I have two daughters, Grace (12) and Riley (16), and they are failures. They have failed at so many things in their short lives. They’ve entered countless contests (coloring, drawing, poetry, essay…) and have come up short too many times to count.
At one point, Riley wanted to become a singer, but she just didn’t have the chops. She went to singing camp over the summer. She tried out for parts in her junior high school musicals. She sang and sang at home (to the family’s dismay), trying to improve, but she just couldn’t cut it as a singer.
Grace started playing basketball in third grade. She’s played every season, making this her fifth year on the court. And, if I’m not mistaken, that’s the same number of points she’s scored in the entire career as a basketball player: five. The girl cannot shoot a basketball to save her life.
My girls fail… and I love it.
Because with every failure comes a better appreciation of success. With every failure comes knowledge of what better to do next time. With every failure my girls dust themselves off and give another try, because if my girls are failing, that means they are trying. With every failure, they get closer to success. And, with every success their confidence increases, so when they fail later on, they know it’s not the end, and the cycle continues.
I am sure that Grace’s stumbles on the basketball court helped her while she was doing her pull-ups training a couple years ago so that she was able to do fourteen in a row, more than most kids in her class. Her failed attempt at a business when she was five was the experience she needed in order to start the successful business she’s been running since she was eight.
I know the obstacles that Riley faced in trying to keep up with her peers running the mile in her PE class, were what she used to get to the Gymnastics Nationals Competition a few summers back. In grade school she attempted to start an iCarly-like YouTube channel with five friends, which failed miserably. That became the catalyst for the channel she started three years ago, now with nearly 200,000 subscribers.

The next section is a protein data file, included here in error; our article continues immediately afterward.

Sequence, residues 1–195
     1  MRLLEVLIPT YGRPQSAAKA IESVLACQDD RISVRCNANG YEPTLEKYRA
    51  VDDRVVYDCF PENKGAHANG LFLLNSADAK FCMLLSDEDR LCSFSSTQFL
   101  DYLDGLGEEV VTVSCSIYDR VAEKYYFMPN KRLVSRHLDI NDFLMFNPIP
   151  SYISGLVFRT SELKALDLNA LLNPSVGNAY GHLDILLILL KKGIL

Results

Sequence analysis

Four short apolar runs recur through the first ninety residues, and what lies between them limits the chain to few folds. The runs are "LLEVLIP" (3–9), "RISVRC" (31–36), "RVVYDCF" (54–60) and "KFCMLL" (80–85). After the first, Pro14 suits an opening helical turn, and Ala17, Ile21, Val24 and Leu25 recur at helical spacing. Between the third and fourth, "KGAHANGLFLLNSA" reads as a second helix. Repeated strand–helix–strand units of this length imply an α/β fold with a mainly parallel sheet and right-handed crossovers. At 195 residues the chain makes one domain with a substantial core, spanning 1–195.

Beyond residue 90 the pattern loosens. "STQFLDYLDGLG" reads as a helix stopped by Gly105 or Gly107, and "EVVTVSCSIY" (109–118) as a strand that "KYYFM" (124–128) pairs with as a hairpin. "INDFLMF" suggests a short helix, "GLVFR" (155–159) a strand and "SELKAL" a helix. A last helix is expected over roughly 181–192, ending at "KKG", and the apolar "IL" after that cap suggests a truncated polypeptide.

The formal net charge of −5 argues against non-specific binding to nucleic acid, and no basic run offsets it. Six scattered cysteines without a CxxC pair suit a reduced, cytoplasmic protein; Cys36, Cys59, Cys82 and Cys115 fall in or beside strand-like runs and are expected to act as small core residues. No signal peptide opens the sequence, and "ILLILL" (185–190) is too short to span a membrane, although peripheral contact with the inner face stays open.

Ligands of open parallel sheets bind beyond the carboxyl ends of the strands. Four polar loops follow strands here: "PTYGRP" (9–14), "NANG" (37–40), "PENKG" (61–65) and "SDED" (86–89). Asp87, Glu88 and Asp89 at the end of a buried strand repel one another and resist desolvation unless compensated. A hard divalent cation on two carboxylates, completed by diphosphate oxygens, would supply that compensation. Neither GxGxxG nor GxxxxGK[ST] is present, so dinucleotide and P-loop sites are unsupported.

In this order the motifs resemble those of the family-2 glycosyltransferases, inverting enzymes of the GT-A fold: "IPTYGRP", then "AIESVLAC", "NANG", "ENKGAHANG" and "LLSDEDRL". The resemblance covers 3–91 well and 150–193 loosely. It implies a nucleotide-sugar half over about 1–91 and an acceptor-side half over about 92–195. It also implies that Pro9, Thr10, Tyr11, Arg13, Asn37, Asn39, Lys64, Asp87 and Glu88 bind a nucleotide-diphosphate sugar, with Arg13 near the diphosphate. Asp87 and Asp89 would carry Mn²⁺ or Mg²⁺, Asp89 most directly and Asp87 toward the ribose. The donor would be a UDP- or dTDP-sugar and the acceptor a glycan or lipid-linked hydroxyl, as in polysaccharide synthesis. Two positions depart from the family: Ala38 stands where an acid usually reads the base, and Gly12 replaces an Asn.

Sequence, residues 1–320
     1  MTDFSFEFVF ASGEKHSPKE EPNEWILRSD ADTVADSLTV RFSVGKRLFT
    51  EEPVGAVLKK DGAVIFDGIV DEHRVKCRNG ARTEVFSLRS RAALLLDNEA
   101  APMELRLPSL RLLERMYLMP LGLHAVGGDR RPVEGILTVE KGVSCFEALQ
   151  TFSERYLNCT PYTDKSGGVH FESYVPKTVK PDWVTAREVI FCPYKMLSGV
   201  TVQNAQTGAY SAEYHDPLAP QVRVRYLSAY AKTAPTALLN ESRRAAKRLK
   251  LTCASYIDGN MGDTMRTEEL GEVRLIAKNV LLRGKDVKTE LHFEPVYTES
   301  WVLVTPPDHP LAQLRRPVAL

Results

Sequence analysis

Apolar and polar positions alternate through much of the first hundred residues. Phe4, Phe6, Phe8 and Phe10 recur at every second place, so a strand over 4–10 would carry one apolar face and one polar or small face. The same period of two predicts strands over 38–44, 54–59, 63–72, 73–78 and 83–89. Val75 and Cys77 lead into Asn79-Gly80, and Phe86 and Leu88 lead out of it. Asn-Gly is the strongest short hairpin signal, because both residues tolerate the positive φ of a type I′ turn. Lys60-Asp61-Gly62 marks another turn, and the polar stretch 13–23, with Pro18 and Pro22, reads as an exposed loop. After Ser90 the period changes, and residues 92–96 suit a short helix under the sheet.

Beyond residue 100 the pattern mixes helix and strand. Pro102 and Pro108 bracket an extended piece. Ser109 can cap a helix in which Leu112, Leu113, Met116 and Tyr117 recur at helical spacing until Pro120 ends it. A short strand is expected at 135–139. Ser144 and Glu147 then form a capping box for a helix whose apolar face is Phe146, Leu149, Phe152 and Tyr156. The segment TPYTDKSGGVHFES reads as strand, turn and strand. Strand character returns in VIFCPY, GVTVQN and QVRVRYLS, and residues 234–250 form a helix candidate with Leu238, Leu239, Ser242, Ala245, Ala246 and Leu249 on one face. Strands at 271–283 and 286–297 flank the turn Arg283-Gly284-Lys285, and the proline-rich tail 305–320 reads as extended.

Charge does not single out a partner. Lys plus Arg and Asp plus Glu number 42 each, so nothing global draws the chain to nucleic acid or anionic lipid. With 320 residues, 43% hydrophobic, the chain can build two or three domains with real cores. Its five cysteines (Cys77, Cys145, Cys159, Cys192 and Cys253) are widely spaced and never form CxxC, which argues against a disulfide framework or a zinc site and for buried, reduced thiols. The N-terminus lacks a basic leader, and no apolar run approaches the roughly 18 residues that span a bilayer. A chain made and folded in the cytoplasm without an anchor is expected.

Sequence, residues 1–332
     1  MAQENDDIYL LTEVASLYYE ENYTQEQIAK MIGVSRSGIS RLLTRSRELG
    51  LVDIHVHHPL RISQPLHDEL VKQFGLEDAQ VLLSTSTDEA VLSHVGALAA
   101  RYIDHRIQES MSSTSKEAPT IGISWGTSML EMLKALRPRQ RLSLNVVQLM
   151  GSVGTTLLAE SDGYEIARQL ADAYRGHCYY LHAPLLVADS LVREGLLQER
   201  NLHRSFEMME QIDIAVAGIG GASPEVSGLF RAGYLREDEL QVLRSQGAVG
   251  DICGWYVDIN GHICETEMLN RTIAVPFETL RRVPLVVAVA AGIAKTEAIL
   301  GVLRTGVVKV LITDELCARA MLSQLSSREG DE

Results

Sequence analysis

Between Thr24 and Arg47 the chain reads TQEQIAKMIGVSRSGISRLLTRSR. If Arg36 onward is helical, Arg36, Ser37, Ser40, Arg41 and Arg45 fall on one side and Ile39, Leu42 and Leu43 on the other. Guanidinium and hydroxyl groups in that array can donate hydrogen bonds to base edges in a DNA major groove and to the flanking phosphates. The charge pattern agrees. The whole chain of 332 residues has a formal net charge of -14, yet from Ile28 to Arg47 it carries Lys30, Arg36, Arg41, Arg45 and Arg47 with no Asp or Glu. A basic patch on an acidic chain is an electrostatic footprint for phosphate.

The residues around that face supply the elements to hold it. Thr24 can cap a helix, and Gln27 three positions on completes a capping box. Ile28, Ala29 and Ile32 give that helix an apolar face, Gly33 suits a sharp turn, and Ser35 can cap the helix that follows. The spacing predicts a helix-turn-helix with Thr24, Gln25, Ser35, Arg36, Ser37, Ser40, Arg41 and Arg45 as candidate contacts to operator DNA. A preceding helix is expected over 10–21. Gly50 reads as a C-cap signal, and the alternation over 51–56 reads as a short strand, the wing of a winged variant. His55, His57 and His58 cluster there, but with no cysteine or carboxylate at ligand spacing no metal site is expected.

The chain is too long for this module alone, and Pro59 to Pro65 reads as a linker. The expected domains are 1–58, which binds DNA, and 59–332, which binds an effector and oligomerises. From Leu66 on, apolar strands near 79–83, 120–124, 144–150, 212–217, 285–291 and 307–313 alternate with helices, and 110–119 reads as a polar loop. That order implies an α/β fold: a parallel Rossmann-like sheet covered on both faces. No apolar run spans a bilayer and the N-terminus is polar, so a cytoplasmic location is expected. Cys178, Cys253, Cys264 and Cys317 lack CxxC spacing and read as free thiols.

Failure is integral for success!
Every time my daughters fail, that’s them giving something a try. That’s them thinking, I can do this. That’s them refusing to throw in the towel. When they succeed, sure, I’m proud, but their perseverance makes me even prouder. I’d rather them try and fail, then avoid taking risks for fear of failure.
It’s crucial, as parents, to make our children’s failures worthwhile, to praise their efforts and improvements. When our children see that we recognize their efforts, even when they’re not successful, they will take a chance the next time an opportunity arises.
Because my girls find success amidst so many failures, they have learned to believe in themselves.
Right now, when I go into Grace’s room, I can read a handmade sign she’s scrawled hanging on the wall beside her bed. It reads: “Google Doodle Grand Prize: $30,000 scholarship.” She’s been working on creating a Google symbol for the company’s annual design contest, and she’s already envisioning herself the winner. Why? Because she’s already succeeded, because she’s learned from her failures.
Odds are, she won’t win this one, but if she fails, that’s’ the fuel for a future success.